Krystel refuses to let gender stereotypes hold her back (Collect/PA Real Life).
Krystel refuses to let gender stereotypes hold her back (Collect/PA Real Life).

She added: “I got very depressed because of the pandemic – worrying about my training loan and the loss of job opportunities. But I didn’t give up and hoped that one day I would still land my dream job and secure a place in the cockpit.”

Despite facing many obstacles, Krystel has shown incredible determination to succeed.

She said: “It’s very empowering to fly a plane and very freeing as well.”

She added: “There are still a lot of gender stereotypes and old-fashioned assumptions that flying a plane is only for men.

“But you can find many skilled and capable female pilots in the cockpit, so I refuse to let my gender hold me back.

“And I think we will see the number of female pilots continue to grow if we, as women, don’t let society dictate to us what we should become.”

She added: “I also think that to overcome any kind of gender bias, women need greater careers advice, showing them what exactly is available to them.”

Krystel is also keen for the cost of pilot training not to prohibit all but the privileged few.

She said: “I find it increasingly difficult to make ends meet to repay my flight training loan.”

Krystel flew her first solo flight in August 2020 (Collect/PA Real Life).
Krystel flew her first solo flight in August 2020 (Collect/PA Real Life).

She added: “There should be more scholarships available for women, so that it’s more possible for them to go into the aviation industry.”

Fortunately, Krystel has found an excellent nanny who helps with her children, when she is working and studying.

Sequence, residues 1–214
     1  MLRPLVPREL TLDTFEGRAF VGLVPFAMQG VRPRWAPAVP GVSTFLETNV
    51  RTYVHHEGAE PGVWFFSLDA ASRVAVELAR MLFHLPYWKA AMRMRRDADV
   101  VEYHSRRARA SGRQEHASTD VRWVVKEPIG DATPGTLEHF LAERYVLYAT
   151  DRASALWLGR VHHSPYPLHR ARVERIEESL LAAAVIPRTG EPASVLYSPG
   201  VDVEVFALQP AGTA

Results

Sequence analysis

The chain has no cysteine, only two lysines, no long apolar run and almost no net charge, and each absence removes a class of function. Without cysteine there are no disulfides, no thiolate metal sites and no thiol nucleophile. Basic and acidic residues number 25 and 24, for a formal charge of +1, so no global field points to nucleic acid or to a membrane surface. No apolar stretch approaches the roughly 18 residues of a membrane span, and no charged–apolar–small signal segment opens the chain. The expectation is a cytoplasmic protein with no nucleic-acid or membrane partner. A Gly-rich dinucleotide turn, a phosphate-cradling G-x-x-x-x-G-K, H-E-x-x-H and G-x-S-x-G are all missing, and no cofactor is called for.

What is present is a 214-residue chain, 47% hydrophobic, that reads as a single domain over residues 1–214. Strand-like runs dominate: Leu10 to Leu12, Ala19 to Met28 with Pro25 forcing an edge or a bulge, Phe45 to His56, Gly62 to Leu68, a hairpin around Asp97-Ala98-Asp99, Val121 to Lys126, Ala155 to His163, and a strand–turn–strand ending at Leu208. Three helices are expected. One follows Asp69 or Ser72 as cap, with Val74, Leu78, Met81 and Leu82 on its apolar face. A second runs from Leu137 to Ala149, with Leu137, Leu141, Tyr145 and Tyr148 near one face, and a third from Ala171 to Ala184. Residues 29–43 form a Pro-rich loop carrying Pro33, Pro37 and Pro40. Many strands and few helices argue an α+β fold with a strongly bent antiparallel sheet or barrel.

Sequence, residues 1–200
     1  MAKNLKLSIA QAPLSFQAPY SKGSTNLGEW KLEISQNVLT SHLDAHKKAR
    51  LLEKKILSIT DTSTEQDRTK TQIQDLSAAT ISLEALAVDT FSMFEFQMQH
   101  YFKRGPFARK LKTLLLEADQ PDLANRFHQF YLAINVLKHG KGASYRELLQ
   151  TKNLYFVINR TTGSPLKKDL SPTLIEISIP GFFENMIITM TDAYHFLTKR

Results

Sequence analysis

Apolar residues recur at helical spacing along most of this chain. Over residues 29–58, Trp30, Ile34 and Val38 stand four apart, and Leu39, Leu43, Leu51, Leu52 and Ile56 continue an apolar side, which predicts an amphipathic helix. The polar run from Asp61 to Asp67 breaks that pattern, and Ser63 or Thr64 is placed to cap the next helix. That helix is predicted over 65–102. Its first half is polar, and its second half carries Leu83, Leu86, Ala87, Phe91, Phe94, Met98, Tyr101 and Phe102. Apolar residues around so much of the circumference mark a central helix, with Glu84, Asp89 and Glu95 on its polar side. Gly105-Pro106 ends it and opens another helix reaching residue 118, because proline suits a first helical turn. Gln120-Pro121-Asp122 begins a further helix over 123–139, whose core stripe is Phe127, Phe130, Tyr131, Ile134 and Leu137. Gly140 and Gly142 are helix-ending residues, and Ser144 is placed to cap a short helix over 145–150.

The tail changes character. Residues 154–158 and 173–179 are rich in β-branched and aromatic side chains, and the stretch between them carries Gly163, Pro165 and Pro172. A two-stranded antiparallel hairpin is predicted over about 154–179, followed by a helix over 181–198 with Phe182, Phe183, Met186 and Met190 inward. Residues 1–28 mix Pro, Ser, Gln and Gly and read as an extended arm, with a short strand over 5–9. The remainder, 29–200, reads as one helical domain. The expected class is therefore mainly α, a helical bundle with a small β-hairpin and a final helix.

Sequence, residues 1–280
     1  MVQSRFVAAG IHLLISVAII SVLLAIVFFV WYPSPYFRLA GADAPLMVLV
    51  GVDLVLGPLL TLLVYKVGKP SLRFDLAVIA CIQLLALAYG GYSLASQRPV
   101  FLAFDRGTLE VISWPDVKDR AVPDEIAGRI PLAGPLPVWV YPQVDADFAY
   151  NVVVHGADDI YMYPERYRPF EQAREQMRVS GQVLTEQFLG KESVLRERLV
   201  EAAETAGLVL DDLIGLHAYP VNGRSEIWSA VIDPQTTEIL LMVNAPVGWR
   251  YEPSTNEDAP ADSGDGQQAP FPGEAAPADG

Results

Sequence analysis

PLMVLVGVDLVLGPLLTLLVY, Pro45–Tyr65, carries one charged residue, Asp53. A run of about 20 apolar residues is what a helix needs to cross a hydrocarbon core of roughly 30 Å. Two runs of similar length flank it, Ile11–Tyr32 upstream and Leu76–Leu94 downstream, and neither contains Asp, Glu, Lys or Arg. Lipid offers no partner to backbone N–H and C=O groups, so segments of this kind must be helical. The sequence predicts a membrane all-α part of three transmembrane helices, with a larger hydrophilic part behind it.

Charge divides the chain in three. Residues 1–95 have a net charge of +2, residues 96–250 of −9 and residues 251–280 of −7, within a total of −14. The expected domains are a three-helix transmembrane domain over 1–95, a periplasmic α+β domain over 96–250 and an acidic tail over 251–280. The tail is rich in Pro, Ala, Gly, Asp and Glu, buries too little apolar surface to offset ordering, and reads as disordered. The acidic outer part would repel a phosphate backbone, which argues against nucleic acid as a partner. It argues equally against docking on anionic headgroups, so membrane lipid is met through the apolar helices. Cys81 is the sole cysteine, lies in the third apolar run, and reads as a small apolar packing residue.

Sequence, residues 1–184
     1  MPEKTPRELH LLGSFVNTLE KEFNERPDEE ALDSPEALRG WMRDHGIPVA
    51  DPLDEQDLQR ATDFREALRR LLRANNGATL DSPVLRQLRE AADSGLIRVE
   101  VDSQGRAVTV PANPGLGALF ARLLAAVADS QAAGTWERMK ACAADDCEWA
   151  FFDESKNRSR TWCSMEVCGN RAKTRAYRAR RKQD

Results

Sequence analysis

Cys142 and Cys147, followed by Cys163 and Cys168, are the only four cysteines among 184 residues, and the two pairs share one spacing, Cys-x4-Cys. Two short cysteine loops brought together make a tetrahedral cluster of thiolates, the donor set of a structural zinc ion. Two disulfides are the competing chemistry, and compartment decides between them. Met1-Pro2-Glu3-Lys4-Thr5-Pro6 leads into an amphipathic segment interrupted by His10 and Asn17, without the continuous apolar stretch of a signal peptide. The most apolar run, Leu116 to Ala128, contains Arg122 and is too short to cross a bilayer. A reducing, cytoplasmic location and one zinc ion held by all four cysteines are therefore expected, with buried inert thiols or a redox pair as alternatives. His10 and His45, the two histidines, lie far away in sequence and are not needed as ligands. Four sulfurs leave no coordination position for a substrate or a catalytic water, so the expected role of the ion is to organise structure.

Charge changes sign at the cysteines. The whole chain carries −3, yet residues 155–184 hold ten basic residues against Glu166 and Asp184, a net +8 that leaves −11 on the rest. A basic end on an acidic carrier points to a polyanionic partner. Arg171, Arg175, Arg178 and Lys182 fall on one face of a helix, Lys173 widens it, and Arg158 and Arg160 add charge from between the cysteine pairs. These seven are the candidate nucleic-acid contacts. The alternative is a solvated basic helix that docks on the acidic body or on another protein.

And she frequently turns down social engagements to be with them, so they do not miss out because of her drive to succeed.

She said: “In my spare time, my first priority is always my kids.

“If I have to go away, I always make sure they have everything they need first.

“But being a pilot is very lucrative and if I have this amazing job in the future, it will be better for them, too.”

Krystel feels empowered when she is flying (Collect/PA Real Life).
Krystel feels empowered when she is flying (Collect/PA Real Life).

After a few more months of training, Krystel will now qualify for the job of her dreams.

She has her private and commercial pilot and instruments training licences, so the last step is to obtain her Airbus A320 rating, which Krystel is paying for herself.

She said: “I am just trying to get the finances in place for this last stage of training, which lasts for another two months.”

She added: “My big ambition is to become an airline pilot, so I am hoping to get hired by one of the three big companies here in the Philippines.

“I would also love the opportunity to apply for some international airlines and I want to fly around the world.”

Krystel, who has worked at her father’s small business in the Philippines to help fund her studies, as well as selling her clothes online, has not yet been able to fly her children anywhere because of the pandemic, but she makes sure they get a taste of what life as a pilot is like.

Krystel is now hoping to complete her last bit of training to become a commercial airline pilot (Collect/PA Real Life).
Krystel is now hoping to complete her last bit of training to become a commercial airline pilot (Collect/PA Real Life).

She said: “I always send my children photos from when I am up in the air, which they love seeing.

“Whenever I am asked why I want to be a pilot, when I am a mum of two, I say that, as well as it being my dream job, it’s also a very lucrative career and it will help me to provide the very best for my children.

“I also want to be able to give back to my parents, who have always supported me despite their own hardships.”

She added: “My advice to women who want to become pilots is not to let the gender gap – we all know the aviation industry is male dominated – hold you back.

“Just remember, an airplane knows no gender. As long as you give it your best, you will do exceptionally well.”